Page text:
9 months ago

Fitzgerald's Town

The committee was quick

The committee was quick off the mark and a week later five acres, close to the Anglican vicarage, now known as “The Gables”, had been leased from Mr. Judge. Their actions were endorsed and work was quickly started to level and turf the ground with the hope of a spring opening; a special subscription list was opened to help defray the cost of this work. 6 It took longer than expected and the opening match of the season, married men v. single men, was played on F.C. Murray’s paddock and was declared a draw when light stopped play. At a committee meeting after the game it was decided to hold a practice twice a week; in Murray’s paddock on Mondays and in H. White’s paddock on Thursdays, until the club grounds were ready. The club usually fielded reasonably competitive teams and for the most part their standard of play was not far below that of their opponents, although they were certainly not consistent. Thus in a match against Woolston the Lincoln team won by 43 runs, they were beaten by 3 wickets when they played Sunnyside, and won against the Bakers’ team at Lincoln by 7 wickets. The pitch was in such a poor state for this match that the batsmen found the bowling, especially that of the fast bowlers, intimidating, and were glad to be dismissed. In a home match in March 1879 the Lincoln team beat the Midland Cricket Club by 8 runs on the first innings, but two years later they were well beaten by the Midland team who scored 290 runs against Lincoln’s 23 and of these 290 runs 39 were conceded as extras because of Lincoln’s poor fielding and the absence of a wicket keeper! Not surprisingly, the Lincoln team was demoralised by Midland’s batting and running, but the fact that Lincoln was without the services of some of its better players, and that their innings began late in the afternoon in poor light apparently contributed to this abysmal performance. 7 Occasionally a report of a club meeting mentions rules, but goes no further. However, The Press reports that at the Annual General Meeting in September 1884 the club resolved: 8 1. That no person, other than those who were in good standing with the club, be allowed to use the club’s ground. 2. That senior members attend practice at 3 pm on Mondays and Fridays, and that junior members practice on Tuesdays and Thursdays. 3. That there were to be no other practice days unless at least nine members requested the same. Just as the fees noted earlier seemed likely to exclude the less well off, the practice times must have also made it difficult for a waged employee to take part. 130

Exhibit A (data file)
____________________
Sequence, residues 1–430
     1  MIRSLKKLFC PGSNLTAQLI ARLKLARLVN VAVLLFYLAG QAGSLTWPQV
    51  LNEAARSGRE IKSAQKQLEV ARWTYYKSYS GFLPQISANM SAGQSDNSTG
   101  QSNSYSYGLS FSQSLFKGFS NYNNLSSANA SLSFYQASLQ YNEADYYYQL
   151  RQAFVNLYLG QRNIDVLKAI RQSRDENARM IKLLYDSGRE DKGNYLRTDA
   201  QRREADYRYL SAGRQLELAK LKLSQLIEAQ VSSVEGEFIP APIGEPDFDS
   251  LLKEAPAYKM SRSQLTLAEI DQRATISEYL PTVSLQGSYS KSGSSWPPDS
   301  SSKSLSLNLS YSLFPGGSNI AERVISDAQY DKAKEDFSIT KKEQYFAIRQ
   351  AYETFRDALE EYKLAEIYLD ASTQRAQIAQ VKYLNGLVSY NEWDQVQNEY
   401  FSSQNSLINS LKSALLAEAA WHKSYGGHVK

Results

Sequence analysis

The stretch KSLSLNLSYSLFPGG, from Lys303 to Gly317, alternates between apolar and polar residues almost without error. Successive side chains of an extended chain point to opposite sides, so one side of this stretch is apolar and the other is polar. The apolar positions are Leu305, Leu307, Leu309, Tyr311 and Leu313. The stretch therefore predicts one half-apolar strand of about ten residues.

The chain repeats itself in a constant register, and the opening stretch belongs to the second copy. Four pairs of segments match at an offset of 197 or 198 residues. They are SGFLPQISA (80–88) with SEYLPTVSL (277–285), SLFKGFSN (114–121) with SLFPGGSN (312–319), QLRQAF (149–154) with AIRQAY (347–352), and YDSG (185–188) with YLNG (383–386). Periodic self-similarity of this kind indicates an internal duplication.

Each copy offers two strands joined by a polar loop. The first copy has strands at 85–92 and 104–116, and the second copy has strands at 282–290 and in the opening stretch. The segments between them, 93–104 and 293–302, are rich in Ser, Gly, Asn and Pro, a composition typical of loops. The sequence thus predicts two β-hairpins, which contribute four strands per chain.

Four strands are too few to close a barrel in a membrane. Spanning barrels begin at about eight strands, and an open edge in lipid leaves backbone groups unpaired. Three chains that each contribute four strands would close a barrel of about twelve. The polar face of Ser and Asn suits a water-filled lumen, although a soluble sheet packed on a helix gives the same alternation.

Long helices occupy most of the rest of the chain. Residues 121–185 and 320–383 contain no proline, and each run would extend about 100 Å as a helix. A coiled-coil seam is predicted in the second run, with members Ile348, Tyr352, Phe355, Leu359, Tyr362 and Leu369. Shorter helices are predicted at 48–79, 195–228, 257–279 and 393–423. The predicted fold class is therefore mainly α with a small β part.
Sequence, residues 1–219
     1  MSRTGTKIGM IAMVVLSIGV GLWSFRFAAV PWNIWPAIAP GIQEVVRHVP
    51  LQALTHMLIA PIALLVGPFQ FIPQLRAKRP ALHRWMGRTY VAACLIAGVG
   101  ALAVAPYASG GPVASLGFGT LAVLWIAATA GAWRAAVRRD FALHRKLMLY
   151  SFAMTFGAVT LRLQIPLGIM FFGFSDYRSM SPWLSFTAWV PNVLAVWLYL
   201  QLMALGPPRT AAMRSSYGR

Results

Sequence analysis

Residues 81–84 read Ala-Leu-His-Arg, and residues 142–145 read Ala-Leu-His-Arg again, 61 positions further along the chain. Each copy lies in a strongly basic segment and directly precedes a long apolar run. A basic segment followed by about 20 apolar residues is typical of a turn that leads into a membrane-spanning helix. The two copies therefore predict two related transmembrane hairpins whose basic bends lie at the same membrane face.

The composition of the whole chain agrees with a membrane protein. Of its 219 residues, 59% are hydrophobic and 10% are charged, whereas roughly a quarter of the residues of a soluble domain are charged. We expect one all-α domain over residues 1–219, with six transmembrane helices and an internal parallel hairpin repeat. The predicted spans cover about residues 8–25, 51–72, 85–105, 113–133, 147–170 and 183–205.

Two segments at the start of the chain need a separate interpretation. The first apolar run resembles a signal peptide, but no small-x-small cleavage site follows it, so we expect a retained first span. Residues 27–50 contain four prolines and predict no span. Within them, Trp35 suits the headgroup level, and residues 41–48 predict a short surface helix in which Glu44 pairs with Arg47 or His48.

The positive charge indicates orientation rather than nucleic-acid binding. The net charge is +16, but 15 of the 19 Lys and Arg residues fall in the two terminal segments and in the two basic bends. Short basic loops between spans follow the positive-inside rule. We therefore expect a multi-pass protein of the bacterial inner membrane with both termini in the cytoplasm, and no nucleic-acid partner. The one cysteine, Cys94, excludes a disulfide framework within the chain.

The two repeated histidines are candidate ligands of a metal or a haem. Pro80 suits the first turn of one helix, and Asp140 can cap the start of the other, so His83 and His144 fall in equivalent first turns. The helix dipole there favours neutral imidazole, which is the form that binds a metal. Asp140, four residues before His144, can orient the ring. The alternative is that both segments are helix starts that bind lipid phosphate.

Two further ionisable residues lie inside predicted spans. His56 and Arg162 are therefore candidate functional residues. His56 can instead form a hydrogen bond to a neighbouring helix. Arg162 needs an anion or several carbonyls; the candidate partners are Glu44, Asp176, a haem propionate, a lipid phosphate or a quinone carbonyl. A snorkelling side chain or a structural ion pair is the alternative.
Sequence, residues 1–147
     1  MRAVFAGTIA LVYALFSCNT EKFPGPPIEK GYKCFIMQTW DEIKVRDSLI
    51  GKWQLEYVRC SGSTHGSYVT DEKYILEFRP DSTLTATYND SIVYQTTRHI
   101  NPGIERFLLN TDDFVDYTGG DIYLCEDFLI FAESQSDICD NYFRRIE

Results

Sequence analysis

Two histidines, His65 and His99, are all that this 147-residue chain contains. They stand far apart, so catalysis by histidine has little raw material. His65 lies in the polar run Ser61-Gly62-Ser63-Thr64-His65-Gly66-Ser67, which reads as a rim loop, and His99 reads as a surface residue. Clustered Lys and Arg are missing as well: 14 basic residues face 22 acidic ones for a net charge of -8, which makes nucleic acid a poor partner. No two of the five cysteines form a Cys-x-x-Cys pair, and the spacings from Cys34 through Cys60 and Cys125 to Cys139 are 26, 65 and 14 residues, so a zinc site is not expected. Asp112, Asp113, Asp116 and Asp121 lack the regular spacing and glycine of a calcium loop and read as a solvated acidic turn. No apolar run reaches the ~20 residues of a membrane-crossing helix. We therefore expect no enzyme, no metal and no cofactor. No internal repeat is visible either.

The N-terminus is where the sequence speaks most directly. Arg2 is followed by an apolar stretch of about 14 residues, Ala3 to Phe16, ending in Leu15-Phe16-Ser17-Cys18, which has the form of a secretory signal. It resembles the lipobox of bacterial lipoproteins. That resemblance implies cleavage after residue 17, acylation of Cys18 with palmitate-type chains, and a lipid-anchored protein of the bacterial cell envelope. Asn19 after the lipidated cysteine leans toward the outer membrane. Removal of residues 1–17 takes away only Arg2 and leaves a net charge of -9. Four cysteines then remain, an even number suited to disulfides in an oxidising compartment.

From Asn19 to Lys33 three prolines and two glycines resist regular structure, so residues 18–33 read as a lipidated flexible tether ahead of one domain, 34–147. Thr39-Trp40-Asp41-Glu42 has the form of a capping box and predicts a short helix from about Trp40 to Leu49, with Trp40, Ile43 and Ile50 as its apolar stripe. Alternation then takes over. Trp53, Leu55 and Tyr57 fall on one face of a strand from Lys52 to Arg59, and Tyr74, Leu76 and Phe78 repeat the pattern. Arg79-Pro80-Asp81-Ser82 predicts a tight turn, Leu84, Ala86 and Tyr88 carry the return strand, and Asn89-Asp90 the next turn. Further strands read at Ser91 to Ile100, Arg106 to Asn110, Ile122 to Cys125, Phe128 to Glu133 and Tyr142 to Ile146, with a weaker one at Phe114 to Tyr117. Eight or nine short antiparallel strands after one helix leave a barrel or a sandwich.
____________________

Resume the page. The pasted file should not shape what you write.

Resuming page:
The club again fell on hard times, a consequence perhaps of the long depression of the 1880s, or because of a lack of interest, or a combination of both. The Lyttelton Times of 18 September 1888 states that “owing to a consequence of adverse circumstances” the former club, one of the best in the country, was disbanded and that organized cricket had not been played in the district for some years. Because conditions had improved a meeting of interested persons decided to form a new club which was to be known as the Lincoln United Cricket Club. A.P. O’Callaghan MHR was elected President and Dr Westenra and Messrs D. Broome, F. Burnell, A. Dunnett, A.W. Stegall, F. Townshend and A. McNae were elected to the committee. The entrance fee was set at seven shillings and six pence for adults, and five shillings for boys under 16, a cost perhaps beyond the resources of the working man. It was hoped to begin the season in October, in a paddock made available by F. Hill who owned sections near the corner of Leinster Terrace and Market Square. 9 There are no records of consequence for the remaining years of the 19th century, although the Star records that in November 1894 Lincoln United beat Lincoln College by 17 runs. It is not known how long this club lasted, but the present Lincoln Cricket Club was formed in about 1945 and continues to flourish today. School cricket was a feature of the early days and as early as 1869 a local school team was competing against neighbouring schools. Thus, in December of that year the Lincoln and Halswell school teams played at Halswell on land lent by Mr G. Sandrey where the Halswell flag, bearing the word Excelsior, flew above the scoring tent. The Lincoln team, hitherto considered invincible, was soundly beaten by an innings and 39 runs, “a result which appeared to astonish them most thoroughly”. The Lincoln team may have lost its form, for their fielding was apparently very loose and their batsmen found the fast, straight, underarm bowling of their opponents difficult to handle. James Mayes, Halswell backstop, was very efficient and in two innings only gave away four extras, in contrast to the 26 conceded by the Lincoln team. The umpires were Messrs Jacobson and Elwin, schoolmasters at Lincoln and Halswell respectively. 10 The Lincoln team may have been astonished at their defeat, but they must have been aware that Halswell had recently defeated a Prebbleton school team by nine wickets and that they would be facing formidable opponents. The return match was played at Lincoln on December 31 1869. Although it was raining, the Halswell team arrived only to find that not one of the Lincoln team had bothered to turn up. However, Mr Jacobson gathered them in and the match started at 1.30pm when Halswell went in 131

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